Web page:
New framework could help in searching heavy thermal dark matter

A new mechanism of elementary thermal dark matter with a mass up to 1014 GeV.

One of the biggest questions in fundamental physics is the nature of dark matter. For the past two decades, scientists have constructed a variety of experiments, including cryogenic detectors and tanks of liquid xenon, around the world in hopes of spotting the scantest signs of elusive dark matter particles. But time and time again, they’ve come up empty-handed.

Now a team of two scientists at Weizmann Institute of Science and the Hebrew University of Jerusalem in Israel has proposed a new mechanism of elementary thermal dark matter with a mass up to 1014 GeV.

Hyungjin Kim, one of the researchers who carried out the study, said, “The nature of dark matter is a longstanding problem in modern-day physics. A particle that is as heavy as Higgs boson, and is involved in interactions whose strength is that of electroweak interaction, is thought to be a particularly well-motivated dark matter candidate, as it often naturally arises when addressing another key problem: the hierarchy between the electroweak scale and the Planck scale.”

The dark matter consists of many nearly degenerate particles which scatter with the standard model bath in a nearest-neighbor chain, and maintain chemical equilibrium with the standard model bath by in-equilibrium decays and inverse decays. That particle is known as Weakly interacting massive particle (WIMP).

Many studies have suggested that the dark matter is a thermal Weakly Interacting Massive Particle (WIMP), whose abundance is determined by using the standard model.

The particle could be produced naturally from interactions between standard model particles in the early universe while they are in thermal equilibrium. This particular process goes by the name of the ‘thermal freeze-out mechanism’.

Common lore originating from a 1990 paper by Kim Griest and Marc Kamionkowski suggests that this thermal freeze-out mechanism does not work when dark matter is heavier than 100 TeV (i.e., a thousand times heavier than the Higgs boson).

Figure outlining the mechanism proposed by the researchers. Credit: Kim & Kuflik.
Figure outlining the mechanism proposed by the researchers. Credit: Kim & Kuflik.

Eric Kuflik, the other researcher behind the study said, “In our recent paper, we prove this common lore wrong and show that thermal freeze-out is possible even when dark matter is several orders of magnitude heavier than the Higgs mass, if there are a set of dark particles that scatter off the standard model particles with nearest-neighbor interactions. The relic abundance of the dark matter is then determined by stochastic interactions between the dark particles and the Standard Model particles.”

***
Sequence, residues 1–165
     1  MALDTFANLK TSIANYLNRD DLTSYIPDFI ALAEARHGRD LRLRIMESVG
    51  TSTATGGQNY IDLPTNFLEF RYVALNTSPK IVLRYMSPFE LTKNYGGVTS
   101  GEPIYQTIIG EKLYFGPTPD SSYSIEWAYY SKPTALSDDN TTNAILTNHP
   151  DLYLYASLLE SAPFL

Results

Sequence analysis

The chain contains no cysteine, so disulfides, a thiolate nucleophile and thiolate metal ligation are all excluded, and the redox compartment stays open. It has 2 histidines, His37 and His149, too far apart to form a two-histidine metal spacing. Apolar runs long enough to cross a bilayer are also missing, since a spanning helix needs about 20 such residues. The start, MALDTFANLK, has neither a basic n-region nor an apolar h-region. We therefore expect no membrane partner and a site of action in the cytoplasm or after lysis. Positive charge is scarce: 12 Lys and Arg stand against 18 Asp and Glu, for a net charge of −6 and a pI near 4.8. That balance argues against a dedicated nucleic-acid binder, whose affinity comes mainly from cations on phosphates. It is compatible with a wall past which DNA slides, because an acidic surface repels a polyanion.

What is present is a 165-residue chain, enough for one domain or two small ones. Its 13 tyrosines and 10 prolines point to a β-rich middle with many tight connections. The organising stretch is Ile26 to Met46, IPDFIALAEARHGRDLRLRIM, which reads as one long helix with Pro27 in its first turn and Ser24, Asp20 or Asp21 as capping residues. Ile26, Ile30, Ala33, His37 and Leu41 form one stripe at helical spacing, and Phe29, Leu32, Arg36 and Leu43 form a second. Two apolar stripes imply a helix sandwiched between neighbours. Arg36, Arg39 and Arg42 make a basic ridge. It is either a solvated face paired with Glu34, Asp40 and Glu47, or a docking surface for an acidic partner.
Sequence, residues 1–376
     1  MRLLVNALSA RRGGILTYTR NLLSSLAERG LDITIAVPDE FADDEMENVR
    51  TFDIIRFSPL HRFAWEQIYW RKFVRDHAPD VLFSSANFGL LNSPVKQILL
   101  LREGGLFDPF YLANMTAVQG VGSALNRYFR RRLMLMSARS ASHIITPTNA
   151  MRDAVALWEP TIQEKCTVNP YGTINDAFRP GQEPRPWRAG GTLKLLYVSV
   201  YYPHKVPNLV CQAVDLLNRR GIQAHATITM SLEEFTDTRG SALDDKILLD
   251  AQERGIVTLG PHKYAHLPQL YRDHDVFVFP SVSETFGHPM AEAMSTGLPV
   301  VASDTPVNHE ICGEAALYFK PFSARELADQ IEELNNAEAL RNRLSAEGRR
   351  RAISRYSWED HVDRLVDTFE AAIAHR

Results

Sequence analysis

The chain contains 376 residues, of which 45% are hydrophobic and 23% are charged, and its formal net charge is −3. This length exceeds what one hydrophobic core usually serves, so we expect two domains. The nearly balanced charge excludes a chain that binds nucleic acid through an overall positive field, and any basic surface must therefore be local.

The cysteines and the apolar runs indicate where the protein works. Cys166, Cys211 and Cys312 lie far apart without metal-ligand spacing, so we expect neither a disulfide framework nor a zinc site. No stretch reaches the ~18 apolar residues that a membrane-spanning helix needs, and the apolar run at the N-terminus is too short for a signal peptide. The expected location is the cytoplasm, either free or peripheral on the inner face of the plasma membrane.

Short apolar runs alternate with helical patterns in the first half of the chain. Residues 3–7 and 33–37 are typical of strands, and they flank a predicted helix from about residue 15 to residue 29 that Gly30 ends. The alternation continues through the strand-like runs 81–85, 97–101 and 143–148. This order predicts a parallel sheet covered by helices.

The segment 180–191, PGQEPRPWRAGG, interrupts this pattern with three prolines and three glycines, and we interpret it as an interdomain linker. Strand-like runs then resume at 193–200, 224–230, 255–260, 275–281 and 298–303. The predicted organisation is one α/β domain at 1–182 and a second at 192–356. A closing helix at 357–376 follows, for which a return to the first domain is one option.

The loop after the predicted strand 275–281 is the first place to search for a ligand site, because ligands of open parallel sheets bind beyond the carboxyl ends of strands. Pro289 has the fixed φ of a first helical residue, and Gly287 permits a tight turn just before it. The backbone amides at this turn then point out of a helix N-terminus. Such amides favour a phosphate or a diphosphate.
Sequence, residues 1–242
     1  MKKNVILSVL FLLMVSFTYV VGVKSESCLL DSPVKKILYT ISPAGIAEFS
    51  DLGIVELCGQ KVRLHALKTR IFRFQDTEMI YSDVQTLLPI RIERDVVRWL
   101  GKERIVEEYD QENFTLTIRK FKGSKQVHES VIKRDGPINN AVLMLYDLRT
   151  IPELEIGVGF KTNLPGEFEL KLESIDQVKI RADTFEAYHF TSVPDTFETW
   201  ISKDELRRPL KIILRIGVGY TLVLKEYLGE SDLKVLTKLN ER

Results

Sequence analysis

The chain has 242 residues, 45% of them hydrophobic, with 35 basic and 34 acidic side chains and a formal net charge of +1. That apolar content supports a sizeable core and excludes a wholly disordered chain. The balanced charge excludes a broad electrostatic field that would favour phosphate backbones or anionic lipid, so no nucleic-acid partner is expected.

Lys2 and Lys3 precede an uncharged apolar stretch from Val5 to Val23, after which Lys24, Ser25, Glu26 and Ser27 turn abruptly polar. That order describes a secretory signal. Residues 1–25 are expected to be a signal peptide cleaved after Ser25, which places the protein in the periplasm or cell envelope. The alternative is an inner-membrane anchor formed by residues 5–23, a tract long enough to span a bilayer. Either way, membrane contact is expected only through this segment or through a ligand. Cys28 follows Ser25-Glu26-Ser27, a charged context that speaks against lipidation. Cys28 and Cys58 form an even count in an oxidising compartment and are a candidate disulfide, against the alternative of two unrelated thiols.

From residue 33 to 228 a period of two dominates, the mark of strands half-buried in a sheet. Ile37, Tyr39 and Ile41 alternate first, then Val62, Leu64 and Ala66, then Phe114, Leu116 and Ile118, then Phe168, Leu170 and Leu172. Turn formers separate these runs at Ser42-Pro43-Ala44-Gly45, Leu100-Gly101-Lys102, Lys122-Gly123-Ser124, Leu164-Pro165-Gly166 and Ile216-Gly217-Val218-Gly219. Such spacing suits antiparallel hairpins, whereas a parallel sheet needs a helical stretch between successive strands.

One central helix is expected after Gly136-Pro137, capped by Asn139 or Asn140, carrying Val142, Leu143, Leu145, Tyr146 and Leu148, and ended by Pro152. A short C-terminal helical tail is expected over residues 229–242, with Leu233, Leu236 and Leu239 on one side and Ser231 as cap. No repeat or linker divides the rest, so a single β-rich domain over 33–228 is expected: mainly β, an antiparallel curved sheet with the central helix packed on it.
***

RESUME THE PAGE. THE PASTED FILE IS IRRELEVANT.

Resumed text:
This new mechanism describes a set of dark matter particles scattering with ordinary matter through nearest-neighbor interactions, which change between species. In other words, it suggests that the dark matter takes a ‘random walk’ among dark matter species, continuously evolving its identity.

Whats’s more, using the framework, scientists determined the abundance of dark matter thermally in the early universe, enabling hefty dark matter masses.

Kim said, “We have shown that dark matter can be produced from the early universe thermal bath while being in thermal equilibrium, even for dark matter masses substantially heavier than conventional wisdom would allow.”

“Interestingly, the abundance of dark matter particles in our scenario depends only on the interaction strength of the dark particles with the Standard Model particles.”

“The framework could have important implications for studies investigating the cosmic microwave background, structure formation, and cosmic rays. Also, it could serve as a benchmark for heavy dark matter experimental searches, as it suggests that decays to ordinary matter particles in the late universe could leave interesting astrophysical and cosmological signatures, which researchers could look for when searching for dark matter.”

“There are two promising directions we hope to pursue in our future work. First, our mechanism inevitably predicts dark matter particles decaying to Standard Model particles throughout the history of the universe. This could leave unusual astrophysical signatures, such as ultra-high-energy cosmic rays and so on. The implications for cosmology are also impressive.”

The new framework is outlined in a paper published in Physical Review Letters.

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